Revisiting the Net Benefits of Freddie Mac and Fannie Mae
had securitized or held in their retained portfo- lios some 44 percent (in value terms) of all home loans outstanding and 47 percent of all conven- tional loans.15
Both GSEs are shareholder-owned, and their shares trade on the major exchanges.16 By law, the U.S. Treasury may purchase a limited amount of the GSEs’ securities, under terms and condi- tions imposed by the Treasury Secretary. More- over, federally chartered banks are able to use the GSEs’ securities in meeting reserve require- ments imposed by the Federal Reserve System (and members of the FHLB System can use GSE securities as well as whole loans to collateralize advances).
purchase mortgages, package them into securi- ties and sell the securities into the market with a GSE guarantee of timely principal and interest payments, and (2) managing a retained portfolio of whole residential loans and MBS funded by debt in the form of uncollateralized debentures. The portfolio business appeals to the segment of investors, particularly foreign ones, which prefer debt to MBS. By financing retained portfolios, investor purchases of Freddie Mac and Fannie Mae debt issuances provide an additional source of funds to the U.S. mortgage market. Both guar- antee and portfolio activities involve transforming mortgages into assets that are attractive to dis- tinct groups of investors. These transformations add value to the market.
The GSEs’ securities are AAA-rated, in part because of their federal charters. Unlike Ginnie Mae securities and federally insured deposits, however, Freddie Mac’s and Fannie Mae’s securi- ties do not carry an explicit federal guarantee. In fact, the GSEs are required by law to disclaim such a guarantee in their offerings of securities. As a result, although Freddie Mac and Fannie Mae securities trade at yields below those of securities issued by their fully private counter- parts, their yields are above comparable Treasury and Ginnie Mae yields.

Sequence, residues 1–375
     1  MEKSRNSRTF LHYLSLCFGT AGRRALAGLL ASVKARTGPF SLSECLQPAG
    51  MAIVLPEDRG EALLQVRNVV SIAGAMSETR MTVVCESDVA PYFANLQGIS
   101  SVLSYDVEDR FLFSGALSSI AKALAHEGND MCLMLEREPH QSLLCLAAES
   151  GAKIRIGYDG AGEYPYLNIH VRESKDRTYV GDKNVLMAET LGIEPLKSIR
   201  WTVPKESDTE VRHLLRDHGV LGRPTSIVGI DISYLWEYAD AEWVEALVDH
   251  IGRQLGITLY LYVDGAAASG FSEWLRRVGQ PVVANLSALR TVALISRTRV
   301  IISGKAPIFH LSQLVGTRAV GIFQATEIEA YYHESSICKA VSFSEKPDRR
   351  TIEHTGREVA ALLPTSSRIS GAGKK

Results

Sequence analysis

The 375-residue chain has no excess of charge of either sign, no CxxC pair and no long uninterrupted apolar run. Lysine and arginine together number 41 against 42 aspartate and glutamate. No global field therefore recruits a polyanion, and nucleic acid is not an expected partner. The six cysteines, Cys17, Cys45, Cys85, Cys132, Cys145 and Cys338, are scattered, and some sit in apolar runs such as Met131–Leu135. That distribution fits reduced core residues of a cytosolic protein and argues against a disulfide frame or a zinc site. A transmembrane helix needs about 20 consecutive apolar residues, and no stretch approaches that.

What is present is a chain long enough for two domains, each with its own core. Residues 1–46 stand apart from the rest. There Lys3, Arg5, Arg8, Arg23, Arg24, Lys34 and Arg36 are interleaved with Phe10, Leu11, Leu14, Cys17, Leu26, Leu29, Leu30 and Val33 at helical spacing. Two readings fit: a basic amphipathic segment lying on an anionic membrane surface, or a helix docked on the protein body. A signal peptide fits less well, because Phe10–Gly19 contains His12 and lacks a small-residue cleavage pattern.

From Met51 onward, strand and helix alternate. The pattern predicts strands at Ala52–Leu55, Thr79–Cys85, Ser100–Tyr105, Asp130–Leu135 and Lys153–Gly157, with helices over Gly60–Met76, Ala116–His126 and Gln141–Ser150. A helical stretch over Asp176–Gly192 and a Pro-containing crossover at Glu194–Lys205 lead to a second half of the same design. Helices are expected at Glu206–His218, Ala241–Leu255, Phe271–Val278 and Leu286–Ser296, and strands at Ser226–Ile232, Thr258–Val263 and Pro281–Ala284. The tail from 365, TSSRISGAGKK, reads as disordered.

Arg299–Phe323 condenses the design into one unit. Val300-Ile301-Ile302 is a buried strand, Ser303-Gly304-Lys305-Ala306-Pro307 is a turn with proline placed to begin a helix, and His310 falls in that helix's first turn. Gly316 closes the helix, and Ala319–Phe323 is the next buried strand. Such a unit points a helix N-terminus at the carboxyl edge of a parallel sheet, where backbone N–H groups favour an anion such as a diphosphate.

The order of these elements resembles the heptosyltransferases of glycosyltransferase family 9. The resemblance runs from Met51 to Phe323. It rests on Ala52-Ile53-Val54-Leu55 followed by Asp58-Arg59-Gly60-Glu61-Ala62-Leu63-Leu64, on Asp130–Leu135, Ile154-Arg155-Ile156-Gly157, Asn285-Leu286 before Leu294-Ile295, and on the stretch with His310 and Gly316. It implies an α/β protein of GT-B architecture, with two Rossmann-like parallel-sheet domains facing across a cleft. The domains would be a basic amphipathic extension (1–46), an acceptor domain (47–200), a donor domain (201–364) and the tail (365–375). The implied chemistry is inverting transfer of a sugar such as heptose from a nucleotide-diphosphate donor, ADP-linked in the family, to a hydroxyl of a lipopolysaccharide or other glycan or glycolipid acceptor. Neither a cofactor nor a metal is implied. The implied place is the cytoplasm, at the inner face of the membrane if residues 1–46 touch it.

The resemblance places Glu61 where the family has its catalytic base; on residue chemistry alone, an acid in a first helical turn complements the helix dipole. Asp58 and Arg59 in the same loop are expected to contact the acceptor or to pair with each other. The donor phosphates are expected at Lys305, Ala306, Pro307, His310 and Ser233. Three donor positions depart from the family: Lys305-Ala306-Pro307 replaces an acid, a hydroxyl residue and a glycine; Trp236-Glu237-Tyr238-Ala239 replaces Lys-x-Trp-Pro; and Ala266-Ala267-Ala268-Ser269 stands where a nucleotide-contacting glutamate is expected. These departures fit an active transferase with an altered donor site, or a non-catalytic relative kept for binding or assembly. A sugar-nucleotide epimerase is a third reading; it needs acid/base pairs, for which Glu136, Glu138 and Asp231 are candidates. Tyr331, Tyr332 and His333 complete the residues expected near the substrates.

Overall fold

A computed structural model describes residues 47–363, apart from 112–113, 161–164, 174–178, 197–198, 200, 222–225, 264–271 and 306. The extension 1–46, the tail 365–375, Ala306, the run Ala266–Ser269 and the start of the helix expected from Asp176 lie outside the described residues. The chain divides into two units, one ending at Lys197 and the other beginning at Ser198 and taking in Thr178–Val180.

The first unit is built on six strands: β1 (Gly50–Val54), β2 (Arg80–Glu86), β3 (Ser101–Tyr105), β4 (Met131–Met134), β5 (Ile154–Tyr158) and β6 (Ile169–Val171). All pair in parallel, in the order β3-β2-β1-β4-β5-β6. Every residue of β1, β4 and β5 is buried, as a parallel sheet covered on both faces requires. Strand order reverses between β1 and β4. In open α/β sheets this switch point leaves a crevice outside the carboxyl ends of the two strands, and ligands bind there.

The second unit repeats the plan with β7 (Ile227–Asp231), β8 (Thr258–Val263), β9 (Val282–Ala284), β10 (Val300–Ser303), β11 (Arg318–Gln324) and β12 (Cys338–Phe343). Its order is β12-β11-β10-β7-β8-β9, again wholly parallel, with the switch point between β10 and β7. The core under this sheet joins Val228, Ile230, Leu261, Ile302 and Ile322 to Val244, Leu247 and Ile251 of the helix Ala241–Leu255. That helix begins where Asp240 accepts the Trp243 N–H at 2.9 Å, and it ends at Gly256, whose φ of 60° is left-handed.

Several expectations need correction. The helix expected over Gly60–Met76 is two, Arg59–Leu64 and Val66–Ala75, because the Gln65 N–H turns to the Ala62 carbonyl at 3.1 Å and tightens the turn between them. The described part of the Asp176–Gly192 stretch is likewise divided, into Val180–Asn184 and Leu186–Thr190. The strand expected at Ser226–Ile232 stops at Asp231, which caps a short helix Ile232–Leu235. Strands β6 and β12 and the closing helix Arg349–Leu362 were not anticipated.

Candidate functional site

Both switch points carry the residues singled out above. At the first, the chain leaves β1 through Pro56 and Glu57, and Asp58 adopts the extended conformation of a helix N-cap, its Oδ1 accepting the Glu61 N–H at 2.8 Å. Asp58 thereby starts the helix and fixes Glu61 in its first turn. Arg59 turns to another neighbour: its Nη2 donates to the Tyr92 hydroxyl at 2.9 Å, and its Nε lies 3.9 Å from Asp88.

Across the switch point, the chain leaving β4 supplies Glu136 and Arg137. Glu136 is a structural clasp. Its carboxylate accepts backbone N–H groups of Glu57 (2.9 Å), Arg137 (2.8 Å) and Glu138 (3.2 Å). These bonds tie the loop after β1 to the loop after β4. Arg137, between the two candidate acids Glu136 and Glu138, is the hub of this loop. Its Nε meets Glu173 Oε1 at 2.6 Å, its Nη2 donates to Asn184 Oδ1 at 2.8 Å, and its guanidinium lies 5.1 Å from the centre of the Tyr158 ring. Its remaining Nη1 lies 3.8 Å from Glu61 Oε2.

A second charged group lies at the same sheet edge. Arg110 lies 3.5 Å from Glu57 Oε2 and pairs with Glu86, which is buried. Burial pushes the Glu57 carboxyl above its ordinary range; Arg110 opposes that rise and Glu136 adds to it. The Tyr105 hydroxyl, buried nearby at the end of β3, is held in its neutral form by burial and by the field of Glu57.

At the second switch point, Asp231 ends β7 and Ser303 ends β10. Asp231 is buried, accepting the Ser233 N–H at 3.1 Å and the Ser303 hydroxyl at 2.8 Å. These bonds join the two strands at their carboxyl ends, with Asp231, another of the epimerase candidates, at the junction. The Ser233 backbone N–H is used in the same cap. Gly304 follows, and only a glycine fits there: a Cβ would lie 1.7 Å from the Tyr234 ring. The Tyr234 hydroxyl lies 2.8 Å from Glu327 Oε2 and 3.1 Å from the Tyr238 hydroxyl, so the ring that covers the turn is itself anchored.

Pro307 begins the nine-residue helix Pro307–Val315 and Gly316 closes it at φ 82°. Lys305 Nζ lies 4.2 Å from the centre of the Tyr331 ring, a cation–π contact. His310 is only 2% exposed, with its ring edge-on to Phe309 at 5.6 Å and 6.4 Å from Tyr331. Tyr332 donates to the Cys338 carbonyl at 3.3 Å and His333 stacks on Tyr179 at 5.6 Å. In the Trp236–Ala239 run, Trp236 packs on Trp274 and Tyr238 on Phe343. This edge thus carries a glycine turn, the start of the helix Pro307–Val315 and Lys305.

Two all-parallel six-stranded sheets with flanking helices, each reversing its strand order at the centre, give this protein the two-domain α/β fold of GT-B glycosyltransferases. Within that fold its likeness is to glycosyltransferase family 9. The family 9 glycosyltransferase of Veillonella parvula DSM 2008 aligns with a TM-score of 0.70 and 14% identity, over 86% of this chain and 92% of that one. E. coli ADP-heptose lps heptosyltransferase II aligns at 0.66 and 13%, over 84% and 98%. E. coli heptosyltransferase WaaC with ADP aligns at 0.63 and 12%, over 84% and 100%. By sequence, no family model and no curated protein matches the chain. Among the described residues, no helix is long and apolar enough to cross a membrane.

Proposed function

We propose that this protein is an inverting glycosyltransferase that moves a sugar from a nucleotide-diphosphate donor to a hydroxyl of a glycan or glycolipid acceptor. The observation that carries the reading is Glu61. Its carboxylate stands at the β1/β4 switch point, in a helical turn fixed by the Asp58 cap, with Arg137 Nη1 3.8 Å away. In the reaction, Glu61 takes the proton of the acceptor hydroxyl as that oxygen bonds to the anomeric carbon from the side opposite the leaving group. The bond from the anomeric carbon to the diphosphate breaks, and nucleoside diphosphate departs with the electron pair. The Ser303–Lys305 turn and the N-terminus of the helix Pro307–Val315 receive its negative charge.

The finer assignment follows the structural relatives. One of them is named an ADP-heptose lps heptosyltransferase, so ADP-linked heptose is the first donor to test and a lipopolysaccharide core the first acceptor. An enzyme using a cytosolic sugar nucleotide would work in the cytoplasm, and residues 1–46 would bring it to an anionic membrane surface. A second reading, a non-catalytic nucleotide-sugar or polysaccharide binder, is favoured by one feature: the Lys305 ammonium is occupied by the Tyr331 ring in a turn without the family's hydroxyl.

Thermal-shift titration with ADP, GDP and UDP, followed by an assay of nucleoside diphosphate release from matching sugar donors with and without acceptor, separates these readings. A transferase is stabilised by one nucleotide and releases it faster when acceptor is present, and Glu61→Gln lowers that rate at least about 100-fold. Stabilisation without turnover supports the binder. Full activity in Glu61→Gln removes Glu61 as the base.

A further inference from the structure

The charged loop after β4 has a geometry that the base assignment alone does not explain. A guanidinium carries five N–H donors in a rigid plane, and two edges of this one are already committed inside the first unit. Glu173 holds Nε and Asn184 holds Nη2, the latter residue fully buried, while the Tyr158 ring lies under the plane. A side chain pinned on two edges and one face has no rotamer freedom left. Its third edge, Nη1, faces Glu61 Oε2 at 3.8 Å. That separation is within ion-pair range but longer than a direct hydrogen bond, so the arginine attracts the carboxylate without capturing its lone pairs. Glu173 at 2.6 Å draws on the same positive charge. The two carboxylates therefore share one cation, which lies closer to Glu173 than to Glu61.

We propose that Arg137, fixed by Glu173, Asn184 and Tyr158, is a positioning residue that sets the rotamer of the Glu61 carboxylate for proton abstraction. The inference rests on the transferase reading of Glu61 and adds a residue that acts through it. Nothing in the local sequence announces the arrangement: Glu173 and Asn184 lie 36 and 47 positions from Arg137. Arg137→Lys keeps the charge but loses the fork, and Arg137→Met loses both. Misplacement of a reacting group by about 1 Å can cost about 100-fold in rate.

The GSEs have two primary lines of business— (1) a guarantee business whereby the GSEs
Pooling loans into securities fundamentally changes the characteristics of mortgages from the standpoint of a secondary market participant. A portfolio of mortgages carries risks of default and prepayment, and requires expenditures to collect payments of principal and interest. In the absence of securitization, the degree of risk and the arrangements for servicing would vary from one portfolio to another. Such portfolios are traded infrequently, because each transac- tion requires research to establish loan quality and servicing costs. Pooling bundles of loans into securities, which have been credit enhanced by a GSE and which do not require investors to
Calculated by dividing the GSEs’ purchases held in portfolio or their securitized pools held by other investors by total single-family mortgage debt outstanding. GSE portfolio holdings are from monthly volume summaries for each of the companies ending December 31, 2005. Single-family mortgage debt outstanding is from the Federal Reserve Flow of Funds. Mortgage debt outstanding held by the GSEs in their retained portfolios represents 17 percent of mortgage debt outstanding for conventional single-family mortgages.
Under their charters, each company has up to 18 members on its Boards of Directors—up to 13 elected by shareholders and up to five appointed by the President.
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